Just as the shutdowns began in March 2020 in light of the COVID-19 pandemic, I distinctly remember tweeting how encouraging it was to see a number of pastors and ministry leaders jumping on social media to update their people on church gatherings and to encourage them in that time of uneasiness.
Throughout the pandemic, pastors across the nation (and world) sought to navigate the unknown, and many picked up a new set of technical skills as they sought to take their church gatherings online for the first time and connected to their people, albeit digitally.
During this pandemic, we had technology forced upon us in order to stay connected with one another, and we became inundated with resources, online gatherings, and options in our digital culture. While this season has been extremely difficult for everyone in different ways, technology has been an amazing gift from God where countless people have heard the gospel for the first time, and many more have deepened their relationships with God, the church, and their families through discipleship.
Resurgence of “conspiracy theories” humbles misinformation police – Neal Rothschild | Axios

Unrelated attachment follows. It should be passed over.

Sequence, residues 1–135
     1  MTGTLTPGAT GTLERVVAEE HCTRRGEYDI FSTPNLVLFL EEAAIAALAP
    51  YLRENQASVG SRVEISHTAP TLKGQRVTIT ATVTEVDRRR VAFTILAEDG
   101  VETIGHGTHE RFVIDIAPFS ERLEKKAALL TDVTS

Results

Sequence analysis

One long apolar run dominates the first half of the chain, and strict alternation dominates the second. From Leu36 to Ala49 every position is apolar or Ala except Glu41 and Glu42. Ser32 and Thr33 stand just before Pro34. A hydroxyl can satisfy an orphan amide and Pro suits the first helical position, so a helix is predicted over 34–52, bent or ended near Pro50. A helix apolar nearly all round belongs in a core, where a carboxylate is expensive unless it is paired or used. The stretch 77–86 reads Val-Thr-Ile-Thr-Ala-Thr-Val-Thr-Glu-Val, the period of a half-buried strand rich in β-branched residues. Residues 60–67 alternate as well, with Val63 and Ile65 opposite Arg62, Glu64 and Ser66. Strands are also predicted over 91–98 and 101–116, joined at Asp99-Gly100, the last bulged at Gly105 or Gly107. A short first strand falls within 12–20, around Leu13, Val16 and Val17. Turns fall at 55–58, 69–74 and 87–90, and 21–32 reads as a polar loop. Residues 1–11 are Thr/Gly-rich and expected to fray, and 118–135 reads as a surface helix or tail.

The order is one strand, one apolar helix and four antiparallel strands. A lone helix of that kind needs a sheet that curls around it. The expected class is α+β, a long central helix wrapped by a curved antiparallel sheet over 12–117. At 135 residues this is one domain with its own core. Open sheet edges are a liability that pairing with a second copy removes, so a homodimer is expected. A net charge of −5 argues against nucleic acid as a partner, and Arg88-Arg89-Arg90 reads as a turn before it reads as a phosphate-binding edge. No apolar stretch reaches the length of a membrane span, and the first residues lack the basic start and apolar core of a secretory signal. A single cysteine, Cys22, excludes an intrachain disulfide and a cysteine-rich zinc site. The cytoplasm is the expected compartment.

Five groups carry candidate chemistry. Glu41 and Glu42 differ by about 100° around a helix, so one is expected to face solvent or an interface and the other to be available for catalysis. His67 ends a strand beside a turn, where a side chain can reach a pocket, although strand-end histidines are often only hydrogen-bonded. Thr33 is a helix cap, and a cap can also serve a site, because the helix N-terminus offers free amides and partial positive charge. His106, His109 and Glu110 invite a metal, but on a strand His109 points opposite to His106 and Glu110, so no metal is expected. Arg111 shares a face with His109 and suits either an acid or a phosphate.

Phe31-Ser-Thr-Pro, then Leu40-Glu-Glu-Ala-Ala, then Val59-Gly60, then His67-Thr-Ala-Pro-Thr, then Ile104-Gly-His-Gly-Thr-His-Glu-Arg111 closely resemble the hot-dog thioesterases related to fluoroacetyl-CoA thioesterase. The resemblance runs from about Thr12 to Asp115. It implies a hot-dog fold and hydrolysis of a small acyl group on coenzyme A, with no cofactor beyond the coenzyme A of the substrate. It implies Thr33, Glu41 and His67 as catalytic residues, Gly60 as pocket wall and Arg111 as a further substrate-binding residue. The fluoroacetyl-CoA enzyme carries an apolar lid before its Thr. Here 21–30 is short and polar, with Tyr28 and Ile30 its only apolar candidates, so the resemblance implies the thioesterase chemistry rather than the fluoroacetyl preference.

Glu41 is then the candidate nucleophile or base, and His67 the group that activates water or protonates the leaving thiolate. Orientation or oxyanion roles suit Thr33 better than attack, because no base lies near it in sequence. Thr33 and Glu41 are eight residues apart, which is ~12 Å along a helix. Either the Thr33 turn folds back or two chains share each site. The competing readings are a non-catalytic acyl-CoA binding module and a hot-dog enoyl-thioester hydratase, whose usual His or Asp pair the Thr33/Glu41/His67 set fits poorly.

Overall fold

Many of the most controversial, polarizing topics that animate internet discourse exist within factual gray areas that allow wide latitude between unknowns and misinformation.
As the Coronavirus Fog of War Clears, What Have We Learned? – David French | The Dispatch
At the risk of dramatic oversimplification, Instagram is more prone to make you insecure about your appearance, Facebook is most likely to make you angry at your uncle, and Twitter is the place where the elite often discredits itself.
Federal facial recognition ban will be reintroduced ‘soon,’ Sen. Jeff Merkley says – Hayden Field | Emerging Tech Brew
This time last year, tech industry heavyweights announced they would stop selling facial recognition tech to law enforcement until Congressional oversight caught up. One year later, Congress still hasn’t regulated the tech.
Windows Is No Big Deal. That’s Huge. – Shira Ovide | The New York Times
Not so long ago, a fresh model of Windows software was a marquee tech moment. Now, a Windows debut is basically a nonevent. This shows technology has evolved from a succession of Big Bang moments to something so meshed into our lives that we often don’t notice it.
The bottom line is that a lot of technology has become no big deal. And that is a very big deal.
Nigerian government wants to suspend Twitter indefinitely – Hirsh Chitkara | Protocol
Nigeria’s Ministry of Information and Culture announced on Friday an indefinite suspension of Twitter. The Ministry said the suspension was made due to Twitter’s “persistent use of the platform for activities that are capable of undermining Nigeria’s corporate existence.”
Facebook pleases no one with Trump decision – Sara Fischer, Ashley Gold | Axios
Facebook’s decision to ban former President Trump for another two years is drawing ire from both sides of the aisle, showing that the tech giant can’t please anyone until the former president is either permanently banned or allowed back on the platform.